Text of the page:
“This is just how it is right now”; a gentle suggestion for coping with down days

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Nothing has gone horribly wrong today. No huge stresses or dramas, no fights or deadlines. I just woke up feeling tired and world-weary, there’s a niggly ache in my hip, anxious thoughts whizzing around my head and low mood lurking somewhere nearby.

My most reliable mood-lifter is to get out into nature so I set off after breakfast with Tisha, my trusty four-legged walking buddy. We head out along our usual route, into the wilderness down beyond the playing fields. We stop by the river. Today the water’s muddy and there are no kingfishers to be seen. I feel heavy and keep slipping on the muddy path in my wellies. I’m too hot and my hip is hurting more as I walk. Turning a corner we come across two muntjac deer, just a few feet away. They stop stock still and Tisha doesn’t even notice them. It usually seems like a kind of blessing, these chance encounters, but even this doesn’t lift my spirits today. I trudge home, aching and grumpy. A woman on the street stops to tell me how beautiful she thinks Tisha is. That’s a nice moment, seeing her delight. But soon enough it passes.

Then I meditate. Often that helps shift me out of my funk, to feel less entangled in anxious or dark thoughts, more spacious and accepting. Today, however, apparently not. Nothing seems to have shifted by the end of my meditation and I decide to go back to bed for a nap, skipping my weekly Pilates class (which I know would have helped with the pain, but the pull of sleep is too strong).

Later I go for a coffee with a family friend. We chat and smile and I feel more like myself for a while.

Back at home I play the piano but I’m painfully aware of how out of practice I am and get frustrated, my fingers stiff and my head too fuzzy to focus on the music properly.

My partner gets home from work. We talk and hug and eat dinner together and I ask him “What’s wrong with me?”

“You’re just having a bad day my love, we all do sometimes” he answers, gently.

His kindness softens something in me.

This is just how it is right now.

I’m having a bad day.

And that’s OK.

And it will pass.

Sometimes that’s all there is to it. There is no magic wand. We do what we can to stay well; we go for walks and talk to friends, we practice mindfulness and some of us take our meds too. But sometimes we all have bad days and just accepting that this is how it is right now is one of the most powerful, liberating and compassionate responses there is. It releases us from the trap of resisting or fighting against our own experience, labelling it as ‘wrong’ or ‘bad’. We are not designed to be happy all the time, after all. The odd bit of low mood, worry, or physical discomfort are all normal parts of life.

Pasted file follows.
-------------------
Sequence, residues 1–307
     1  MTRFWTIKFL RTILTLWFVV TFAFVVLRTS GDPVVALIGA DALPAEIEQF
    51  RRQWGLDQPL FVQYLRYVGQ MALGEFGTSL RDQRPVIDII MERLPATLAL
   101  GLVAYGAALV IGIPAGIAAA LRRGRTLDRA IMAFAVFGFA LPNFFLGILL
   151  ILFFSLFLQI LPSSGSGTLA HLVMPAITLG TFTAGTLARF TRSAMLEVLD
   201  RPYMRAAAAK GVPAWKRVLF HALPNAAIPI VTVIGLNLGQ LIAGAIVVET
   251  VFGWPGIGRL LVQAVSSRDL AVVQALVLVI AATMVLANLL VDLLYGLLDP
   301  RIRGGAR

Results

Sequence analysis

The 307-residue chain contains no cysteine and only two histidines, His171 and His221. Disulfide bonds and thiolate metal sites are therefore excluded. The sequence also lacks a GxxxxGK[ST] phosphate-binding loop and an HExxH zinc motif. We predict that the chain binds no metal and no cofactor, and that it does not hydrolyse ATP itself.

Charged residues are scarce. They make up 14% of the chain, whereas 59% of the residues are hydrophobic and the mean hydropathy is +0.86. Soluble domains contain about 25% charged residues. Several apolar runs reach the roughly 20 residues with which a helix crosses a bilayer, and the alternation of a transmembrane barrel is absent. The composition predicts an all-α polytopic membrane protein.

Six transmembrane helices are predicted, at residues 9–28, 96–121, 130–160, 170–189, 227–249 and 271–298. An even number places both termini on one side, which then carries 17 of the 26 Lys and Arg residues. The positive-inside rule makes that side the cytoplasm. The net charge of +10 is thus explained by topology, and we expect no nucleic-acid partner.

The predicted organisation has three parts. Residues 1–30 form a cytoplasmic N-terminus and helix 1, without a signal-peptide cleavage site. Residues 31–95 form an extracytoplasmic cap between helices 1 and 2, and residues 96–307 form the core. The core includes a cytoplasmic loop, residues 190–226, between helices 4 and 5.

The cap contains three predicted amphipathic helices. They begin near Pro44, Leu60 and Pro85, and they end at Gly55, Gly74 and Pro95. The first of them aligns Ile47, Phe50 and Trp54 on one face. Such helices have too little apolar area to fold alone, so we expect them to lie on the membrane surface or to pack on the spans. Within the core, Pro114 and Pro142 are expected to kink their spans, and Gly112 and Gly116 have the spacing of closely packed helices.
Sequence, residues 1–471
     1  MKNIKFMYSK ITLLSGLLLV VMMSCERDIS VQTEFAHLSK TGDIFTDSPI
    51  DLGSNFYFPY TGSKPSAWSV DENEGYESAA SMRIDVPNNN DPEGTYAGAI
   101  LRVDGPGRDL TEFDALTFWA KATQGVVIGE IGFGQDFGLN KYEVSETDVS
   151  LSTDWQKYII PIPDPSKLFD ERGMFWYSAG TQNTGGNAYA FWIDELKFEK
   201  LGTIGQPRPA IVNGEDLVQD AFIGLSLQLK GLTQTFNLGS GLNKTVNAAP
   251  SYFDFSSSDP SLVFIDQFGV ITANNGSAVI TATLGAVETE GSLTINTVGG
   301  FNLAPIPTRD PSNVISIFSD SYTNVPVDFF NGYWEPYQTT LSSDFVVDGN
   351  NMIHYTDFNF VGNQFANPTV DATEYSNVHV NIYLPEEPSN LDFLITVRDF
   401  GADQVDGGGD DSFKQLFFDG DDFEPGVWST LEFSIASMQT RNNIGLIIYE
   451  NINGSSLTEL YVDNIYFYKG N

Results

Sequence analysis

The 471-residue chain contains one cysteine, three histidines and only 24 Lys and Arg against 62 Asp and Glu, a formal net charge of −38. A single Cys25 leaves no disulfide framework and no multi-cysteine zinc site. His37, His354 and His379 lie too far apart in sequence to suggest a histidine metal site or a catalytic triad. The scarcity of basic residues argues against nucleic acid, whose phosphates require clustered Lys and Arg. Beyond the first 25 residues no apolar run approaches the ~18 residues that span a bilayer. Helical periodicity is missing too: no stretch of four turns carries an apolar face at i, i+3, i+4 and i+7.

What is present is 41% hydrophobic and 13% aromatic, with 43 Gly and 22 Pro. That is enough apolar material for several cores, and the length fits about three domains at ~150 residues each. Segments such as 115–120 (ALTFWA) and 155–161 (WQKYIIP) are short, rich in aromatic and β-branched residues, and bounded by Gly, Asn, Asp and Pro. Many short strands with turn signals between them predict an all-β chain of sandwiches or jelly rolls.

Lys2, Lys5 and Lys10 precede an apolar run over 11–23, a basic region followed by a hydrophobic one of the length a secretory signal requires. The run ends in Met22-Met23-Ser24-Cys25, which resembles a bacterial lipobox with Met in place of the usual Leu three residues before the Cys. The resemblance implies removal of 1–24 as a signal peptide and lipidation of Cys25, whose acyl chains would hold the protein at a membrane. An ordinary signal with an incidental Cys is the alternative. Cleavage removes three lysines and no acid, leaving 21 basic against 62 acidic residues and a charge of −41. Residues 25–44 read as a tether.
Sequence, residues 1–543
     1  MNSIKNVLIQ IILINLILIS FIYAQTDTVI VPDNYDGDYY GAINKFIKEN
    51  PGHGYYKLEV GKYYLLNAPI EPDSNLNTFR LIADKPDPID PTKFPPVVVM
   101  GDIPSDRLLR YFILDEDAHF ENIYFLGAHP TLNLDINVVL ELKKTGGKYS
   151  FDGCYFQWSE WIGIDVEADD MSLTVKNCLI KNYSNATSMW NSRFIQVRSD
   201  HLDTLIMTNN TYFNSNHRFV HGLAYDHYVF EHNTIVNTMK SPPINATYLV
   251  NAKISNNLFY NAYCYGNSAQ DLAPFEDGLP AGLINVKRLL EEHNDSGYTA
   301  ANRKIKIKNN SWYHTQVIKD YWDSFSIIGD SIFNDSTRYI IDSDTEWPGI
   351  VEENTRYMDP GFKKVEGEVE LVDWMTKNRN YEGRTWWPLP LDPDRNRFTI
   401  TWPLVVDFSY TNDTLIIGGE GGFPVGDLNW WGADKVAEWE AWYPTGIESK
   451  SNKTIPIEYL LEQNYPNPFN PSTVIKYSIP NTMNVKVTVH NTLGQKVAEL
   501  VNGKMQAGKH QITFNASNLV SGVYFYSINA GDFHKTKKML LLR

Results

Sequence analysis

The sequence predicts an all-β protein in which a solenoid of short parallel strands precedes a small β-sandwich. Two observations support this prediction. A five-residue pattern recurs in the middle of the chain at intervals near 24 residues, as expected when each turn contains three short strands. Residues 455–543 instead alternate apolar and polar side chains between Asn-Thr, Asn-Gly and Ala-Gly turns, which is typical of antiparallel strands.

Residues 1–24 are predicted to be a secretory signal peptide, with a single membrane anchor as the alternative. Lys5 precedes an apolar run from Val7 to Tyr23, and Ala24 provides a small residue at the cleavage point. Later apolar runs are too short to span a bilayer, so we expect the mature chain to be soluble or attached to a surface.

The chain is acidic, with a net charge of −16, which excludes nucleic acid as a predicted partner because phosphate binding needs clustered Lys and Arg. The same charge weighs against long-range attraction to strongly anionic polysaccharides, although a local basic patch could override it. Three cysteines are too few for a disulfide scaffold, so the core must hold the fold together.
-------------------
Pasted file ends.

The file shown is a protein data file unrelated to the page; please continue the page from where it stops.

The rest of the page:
With practice we begin to understand that our thoughts, emotions and sensations are not fixed or static, that they are part of a wider flow of experience that can be both pleasant and unpleasant, joyful and overwhelming. This is the shared human condition.

I sometimes joke that if I ever got a tattoo I would choose the words ‘This too shall pass’. The irony of having a quote about impermanence indelibly marked on my skin appeals to my sense of humour (although I suppose my body is impermanent too so maybe it’s quite fitting after all). But I also find those words deeply comforting in difficult moments.

This is just how it is right now, and it will pass.

 

PS

In this article I’m talking about my own experience of low mood, the kind of day to day blip we all experience sometimes. If you’ve been feeling consistently down or anxious for more than a couple of weeks or are at all concerned about your mental health, it’s always best to seek out professional advice. Your GP is a good place to start. The charity Mind have a wealth of information on their website too. 

Change IS possible. Just ask my dog.

I do not like dogs. Not. One. Little. Bit.

They’re smelly, slobbery, scary and a general PAIN. They whine and moan, wee everywhere and demand to be taken for walks. They eat random stuff off the street (mouldy pizza anyone?) You have to pick up their poo (which is gross enough) but if you’re extra lucky they’ll roll in some fox poo too and then need to be washed, because they can’t clean themselves, obviously. They bark at everything from the doorbell to the moon and are so needy they can’t stand to be left alone for even a half hour. And then there’s that wet dog smell. Yuck.

I come from a family of “cat people”. Growing up there were always cats around (and sometimes rabbits, guinea pigs, chickens and goats too, but that’s a whole different story…) Cats were great and dogs were bad. They were not part of our vocabulary or our experience and they were definitely not to be trusted. I never understood why you would go to the trouble of housing such needy, noisy, messy creatures as dogs when there were lovely cuddly self-sufficient cats in the world. Right?